Why was it there? Coincidence? Or were the store’s employees reading the same tweets and blogs as I was?

Here’s how the Mac store’s marketing manager, Vibeke Bjerker, explains what had happened:

“It’s an idea we had together with the German retailer chain, Restore… You know, we have an operating system for Mac called System OS X 10.6 Snow Leopard, and because of that we thought it would be funny to link it up with the good cause. We thought that made a lot of sense.”

I was thrilled to see that the (relatively) small store on Vesterbrogade had gone with its own initiative and acted on a great idea. The Macintosh Corporation doesn’t officially sponsor the snow leopard. But it seems it doesn’t stop individual retailers from making their own choices either.

Humac on Vesterbrogade, Photo: Google Maps

The box on the desk is not really an example of “serendipity at the world’s largest cocktail party” (a horrible expression, I know.) But it is at least a reminder that sometimes the exact same ideas can form independently from each other.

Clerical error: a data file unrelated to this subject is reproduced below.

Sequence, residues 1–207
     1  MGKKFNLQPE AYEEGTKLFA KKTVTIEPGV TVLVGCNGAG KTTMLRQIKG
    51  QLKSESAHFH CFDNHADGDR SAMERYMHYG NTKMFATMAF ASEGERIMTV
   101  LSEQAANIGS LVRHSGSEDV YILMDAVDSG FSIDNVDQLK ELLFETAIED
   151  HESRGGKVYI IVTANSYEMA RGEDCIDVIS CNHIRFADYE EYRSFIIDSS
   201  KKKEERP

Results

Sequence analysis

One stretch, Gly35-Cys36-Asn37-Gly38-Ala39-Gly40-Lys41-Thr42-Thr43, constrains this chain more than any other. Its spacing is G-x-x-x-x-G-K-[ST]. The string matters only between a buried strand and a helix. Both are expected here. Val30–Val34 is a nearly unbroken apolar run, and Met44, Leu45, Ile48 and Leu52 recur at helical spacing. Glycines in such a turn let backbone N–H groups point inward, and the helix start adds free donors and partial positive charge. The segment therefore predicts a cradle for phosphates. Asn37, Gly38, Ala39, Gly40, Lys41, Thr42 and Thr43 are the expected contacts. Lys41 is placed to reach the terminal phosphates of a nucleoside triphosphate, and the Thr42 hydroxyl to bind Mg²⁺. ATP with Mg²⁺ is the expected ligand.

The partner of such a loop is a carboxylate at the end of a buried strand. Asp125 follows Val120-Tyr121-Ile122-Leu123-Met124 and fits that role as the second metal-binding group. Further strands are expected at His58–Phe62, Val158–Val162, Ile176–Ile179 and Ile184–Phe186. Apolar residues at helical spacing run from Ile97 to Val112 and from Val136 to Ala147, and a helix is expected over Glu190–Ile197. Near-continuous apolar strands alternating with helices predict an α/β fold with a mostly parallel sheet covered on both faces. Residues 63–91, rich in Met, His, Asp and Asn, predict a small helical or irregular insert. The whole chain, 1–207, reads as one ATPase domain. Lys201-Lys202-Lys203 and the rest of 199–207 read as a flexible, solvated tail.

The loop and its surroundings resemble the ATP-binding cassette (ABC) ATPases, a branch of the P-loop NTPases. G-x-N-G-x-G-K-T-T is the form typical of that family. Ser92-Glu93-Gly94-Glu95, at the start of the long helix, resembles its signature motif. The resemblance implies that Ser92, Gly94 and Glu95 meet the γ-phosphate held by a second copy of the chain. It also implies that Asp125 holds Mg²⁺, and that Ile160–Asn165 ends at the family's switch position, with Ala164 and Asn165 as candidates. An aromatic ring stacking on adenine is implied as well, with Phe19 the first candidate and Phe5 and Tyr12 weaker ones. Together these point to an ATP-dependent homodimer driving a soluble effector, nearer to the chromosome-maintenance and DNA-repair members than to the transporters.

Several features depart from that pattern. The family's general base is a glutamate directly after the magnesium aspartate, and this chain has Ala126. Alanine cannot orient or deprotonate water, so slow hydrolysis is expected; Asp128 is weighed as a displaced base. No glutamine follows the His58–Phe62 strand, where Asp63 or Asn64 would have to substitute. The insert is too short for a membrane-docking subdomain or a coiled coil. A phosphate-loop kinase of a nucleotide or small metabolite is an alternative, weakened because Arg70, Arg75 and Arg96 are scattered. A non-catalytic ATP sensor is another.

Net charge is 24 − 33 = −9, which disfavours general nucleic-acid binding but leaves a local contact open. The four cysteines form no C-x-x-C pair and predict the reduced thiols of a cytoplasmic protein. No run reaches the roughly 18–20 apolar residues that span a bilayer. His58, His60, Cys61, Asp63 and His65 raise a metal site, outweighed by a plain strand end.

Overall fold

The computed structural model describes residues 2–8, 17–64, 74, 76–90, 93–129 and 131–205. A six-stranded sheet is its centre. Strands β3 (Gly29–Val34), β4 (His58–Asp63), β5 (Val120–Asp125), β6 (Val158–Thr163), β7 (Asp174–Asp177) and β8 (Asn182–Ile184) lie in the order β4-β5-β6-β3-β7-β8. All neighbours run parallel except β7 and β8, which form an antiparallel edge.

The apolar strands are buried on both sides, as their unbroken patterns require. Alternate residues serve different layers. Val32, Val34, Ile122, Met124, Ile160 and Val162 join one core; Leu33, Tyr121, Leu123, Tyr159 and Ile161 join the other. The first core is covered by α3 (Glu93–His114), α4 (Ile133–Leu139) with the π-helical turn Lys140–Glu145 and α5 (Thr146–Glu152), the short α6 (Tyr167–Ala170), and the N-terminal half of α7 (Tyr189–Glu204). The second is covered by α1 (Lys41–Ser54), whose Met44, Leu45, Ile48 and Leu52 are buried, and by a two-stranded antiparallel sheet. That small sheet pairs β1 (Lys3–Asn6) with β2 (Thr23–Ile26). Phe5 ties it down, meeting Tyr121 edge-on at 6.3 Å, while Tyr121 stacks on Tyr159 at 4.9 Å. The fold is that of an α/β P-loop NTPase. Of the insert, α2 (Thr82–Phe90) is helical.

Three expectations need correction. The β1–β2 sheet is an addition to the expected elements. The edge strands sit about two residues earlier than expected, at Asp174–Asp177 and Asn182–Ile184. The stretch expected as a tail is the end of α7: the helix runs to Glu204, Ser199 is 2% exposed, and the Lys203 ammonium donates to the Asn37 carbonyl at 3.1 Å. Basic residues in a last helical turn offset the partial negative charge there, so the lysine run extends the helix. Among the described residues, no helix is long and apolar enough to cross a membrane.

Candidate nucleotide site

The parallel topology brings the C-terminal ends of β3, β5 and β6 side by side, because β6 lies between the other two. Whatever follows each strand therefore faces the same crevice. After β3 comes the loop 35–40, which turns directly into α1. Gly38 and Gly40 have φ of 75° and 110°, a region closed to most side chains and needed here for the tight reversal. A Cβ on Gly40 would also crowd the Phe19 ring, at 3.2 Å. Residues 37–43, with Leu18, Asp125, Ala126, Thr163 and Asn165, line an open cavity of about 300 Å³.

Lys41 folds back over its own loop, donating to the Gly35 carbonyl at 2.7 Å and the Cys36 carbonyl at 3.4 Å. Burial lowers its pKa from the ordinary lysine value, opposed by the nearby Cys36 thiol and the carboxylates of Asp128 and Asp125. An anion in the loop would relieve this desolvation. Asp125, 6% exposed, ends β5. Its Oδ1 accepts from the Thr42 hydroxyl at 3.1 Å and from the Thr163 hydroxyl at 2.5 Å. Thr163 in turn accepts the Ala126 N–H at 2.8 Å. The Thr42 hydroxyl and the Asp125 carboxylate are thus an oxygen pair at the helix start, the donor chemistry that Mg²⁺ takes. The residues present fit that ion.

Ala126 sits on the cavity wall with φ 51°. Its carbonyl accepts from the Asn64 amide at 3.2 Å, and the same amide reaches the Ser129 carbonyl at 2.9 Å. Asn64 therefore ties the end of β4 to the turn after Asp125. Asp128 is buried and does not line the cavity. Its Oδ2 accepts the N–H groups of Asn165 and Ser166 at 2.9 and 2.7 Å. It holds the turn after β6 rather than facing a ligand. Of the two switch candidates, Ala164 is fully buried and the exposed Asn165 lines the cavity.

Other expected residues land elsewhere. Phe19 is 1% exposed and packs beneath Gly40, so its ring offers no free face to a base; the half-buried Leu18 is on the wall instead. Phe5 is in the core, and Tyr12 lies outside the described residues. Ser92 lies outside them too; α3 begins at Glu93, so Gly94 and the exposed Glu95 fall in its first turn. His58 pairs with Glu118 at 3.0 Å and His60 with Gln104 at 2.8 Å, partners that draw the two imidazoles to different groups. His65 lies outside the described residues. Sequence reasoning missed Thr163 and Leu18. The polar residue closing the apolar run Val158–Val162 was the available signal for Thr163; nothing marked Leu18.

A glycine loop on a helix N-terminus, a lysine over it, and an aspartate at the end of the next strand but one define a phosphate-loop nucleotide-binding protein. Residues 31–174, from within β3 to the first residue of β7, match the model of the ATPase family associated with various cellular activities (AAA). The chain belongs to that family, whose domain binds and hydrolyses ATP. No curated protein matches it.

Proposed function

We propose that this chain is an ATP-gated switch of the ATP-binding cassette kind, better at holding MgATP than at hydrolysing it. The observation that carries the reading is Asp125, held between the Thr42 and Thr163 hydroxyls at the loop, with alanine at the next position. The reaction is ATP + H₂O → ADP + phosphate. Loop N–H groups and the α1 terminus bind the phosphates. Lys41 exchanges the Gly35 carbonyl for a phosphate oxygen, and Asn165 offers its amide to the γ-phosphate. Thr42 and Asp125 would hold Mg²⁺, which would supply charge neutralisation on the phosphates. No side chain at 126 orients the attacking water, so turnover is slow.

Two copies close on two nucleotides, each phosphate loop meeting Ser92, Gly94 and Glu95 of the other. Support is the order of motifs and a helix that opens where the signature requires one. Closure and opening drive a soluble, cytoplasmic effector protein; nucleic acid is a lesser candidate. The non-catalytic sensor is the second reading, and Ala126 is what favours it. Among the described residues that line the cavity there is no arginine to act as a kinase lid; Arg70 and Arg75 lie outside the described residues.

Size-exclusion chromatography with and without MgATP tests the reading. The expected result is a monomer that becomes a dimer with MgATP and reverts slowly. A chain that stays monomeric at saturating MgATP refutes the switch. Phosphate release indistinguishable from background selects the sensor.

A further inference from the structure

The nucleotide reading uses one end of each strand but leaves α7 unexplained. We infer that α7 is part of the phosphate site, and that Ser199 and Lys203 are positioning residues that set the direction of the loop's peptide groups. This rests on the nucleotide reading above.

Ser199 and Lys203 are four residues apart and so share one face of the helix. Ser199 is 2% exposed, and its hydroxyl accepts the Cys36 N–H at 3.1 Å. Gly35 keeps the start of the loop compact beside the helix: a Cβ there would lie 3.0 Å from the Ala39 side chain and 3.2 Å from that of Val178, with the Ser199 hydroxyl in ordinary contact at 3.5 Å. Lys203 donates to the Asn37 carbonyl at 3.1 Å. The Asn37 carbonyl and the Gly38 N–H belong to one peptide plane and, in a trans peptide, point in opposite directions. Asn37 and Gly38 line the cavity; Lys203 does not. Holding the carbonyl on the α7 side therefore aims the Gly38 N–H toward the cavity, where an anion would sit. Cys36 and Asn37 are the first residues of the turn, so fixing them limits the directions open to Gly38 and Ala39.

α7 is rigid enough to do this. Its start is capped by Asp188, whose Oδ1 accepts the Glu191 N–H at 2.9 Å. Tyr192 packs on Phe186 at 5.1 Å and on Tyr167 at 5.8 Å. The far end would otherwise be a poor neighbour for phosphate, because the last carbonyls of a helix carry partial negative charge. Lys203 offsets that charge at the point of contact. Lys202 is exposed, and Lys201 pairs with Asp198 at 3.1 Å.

And now those two ideas are connected via this blog.

Whether the symbolic link between a threatened animal and a corporate computer behemoth will grow on from initiatives such as this to also become a symbiotic one, time will tell. Maybe it needs to grow from bottom-up before it will be implemented as a marketing strategy Jobs-down.

I hope other stores around the world will show the same willingness to act on their own great ideas, whatever they may be, in the same way as the store on Vesterbrogade have done.